Mix the herbs and bread crumbs together on a plate and set aside. Mix the mustard and garlic together and brush onto the chicken breasts. Dip the chicken breasts into the bread & herb mixture and evenly coat both sides. Transfer the seasoned chicken breasts onto the baking sheet and place into the oven and bake for 20-25 minutes or until a meat thermometer reads 170 degrees. Let the meat rest for 7-10 minutes before slicing and serving. Enjoy!
Aloha beautiful people! It seems that summer went out and autumn is on her way in. Today is the day I have been longing for. Rainy and cool and all the herbs that I’ve dried out and laying in a spare room taking up space, can now be crumbled off the stems and bagged for future meals.
But as I sat and bagged the herbs, I wondered how many other methods there were for saving culinary herbs, beside my old standby, stripping and drying on paper. Another way to preserve the essence of the plant is to freeze them in ice cube trays with a good olive oil, like our Picual or Koroniki varietals. But in my search, I found 3 additional methods of preserving your herbs for later use.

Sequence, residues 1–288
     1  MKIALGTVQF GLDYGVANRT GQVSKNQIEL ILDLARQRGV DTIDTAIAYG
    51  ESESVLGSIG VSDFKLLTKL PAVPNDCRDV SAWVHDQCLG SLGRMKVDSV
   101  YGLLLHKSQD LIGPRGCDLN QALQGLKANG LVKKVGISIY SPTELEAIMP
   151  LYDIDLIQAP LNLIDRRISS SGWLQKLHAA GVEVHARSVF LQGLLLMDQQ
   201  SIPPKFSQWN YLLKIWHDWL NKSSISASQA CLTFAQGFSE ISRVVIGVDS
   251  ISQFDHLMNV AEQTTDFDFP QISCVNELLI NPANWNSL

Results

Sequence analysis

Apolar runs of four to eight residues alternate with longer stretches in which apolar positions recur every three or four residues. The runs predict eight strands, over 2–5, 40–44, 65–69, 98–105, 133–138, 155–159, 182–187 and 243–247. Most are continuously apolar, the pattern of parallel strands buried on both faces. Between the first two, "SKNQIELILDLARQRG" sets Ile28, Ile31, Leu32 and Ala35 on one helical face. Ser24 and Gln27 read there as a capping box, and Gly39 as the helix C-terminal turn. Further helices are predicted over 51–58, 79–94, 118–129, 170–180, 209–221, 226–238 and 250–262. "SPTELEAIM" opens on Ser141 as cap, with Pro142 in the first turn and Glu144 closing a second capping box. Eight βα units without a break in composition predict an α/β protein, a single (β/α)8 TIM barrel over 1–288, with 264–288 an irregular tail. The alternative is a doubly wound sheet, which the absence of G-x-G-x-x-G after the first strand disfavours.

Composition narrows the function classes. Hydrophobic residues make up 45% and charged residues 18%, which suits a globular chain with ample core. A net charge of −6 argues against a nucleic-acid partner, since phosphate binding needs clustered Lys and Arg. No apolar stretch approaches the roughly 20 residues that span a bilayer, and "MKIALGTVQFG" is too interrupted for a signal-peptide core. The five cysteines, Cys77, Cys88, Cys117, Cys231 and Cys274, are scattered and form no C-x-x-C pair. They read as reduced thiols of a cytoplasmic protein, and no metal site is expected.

First, select your herbs carefully. Believe it or not, the best time to harvest your herbs is early morning when it is cool and dewy. Essential oils are at their peak and this translates to increased flavor! Also look for tips that are just about to flower and inspect for any damages to the leaves. You can either pinch off or use a pair of snips to collect your bounty. I tend to pinch my plants back unless it is a woody herb or plant.
Once you’ve collected your herbs, reinspect each item and gently rinse in cool water. Place on paper towel to dry off and pat dry with another paper towel. If you choose to hang and dry your herbs, group each type of herb with no more than 6 stems. Tie the small groups together and hang in cool dry room out of traffic, such as a cellar, spare room etc. These will dry in approximately 1-3 weeks, depending on the characteristics of the herb. Once dry, you can store in airtight jars or baggies. The info I found stated that this is good for up to 1 year,